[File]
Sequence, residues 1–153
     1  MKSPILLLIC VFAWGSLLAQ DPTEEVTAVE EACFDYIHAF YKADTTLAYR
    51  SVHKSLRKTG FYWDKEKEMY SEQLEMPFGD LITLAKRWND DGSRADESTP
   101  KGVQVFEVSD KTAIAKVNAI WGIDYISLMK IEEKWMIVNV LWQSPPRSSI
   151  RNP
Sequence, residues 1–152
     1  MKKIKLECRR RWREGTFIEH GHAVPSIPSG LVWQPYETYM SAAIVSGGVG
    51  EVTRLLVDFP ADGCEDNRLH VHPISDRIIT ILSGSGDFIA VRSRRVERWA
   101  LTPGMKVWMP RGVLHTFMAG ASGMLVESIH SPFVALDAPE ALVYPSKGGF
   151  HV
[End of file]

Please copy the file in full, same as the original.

Sequence, residues 1–153
     1  MKSPILLLIC VFAWGSLLAQ DPTEEVTAVE EACFDYIHAF YKADTTLAYR
    51  SVHKSLRKTG FYWDKEKEMY SEQLEMPFGD LITLAKRWND DGSRADESTP
   101  KGVQVFEVSD KTAIAKVNAI WGIDYISLMK IEEKWMIVNV LWQSPPRSSI
   151  RNP
Sequence, residues 1–152
     1  MKKIKLECRR RWREGTFIEH GHAVPSIPSG LVWQPYETYM SAAIVSGGVG
    51  EVTRLLVDFP ADGCEDNRLH VHPISDRIIT ILSGSGDFIA VRSRRVERWA
   101  LTPGMKVWMP RGVLHTFMAG ASGMLVESIH SPFVALDAPE ALVYPSKGGF
   151  HV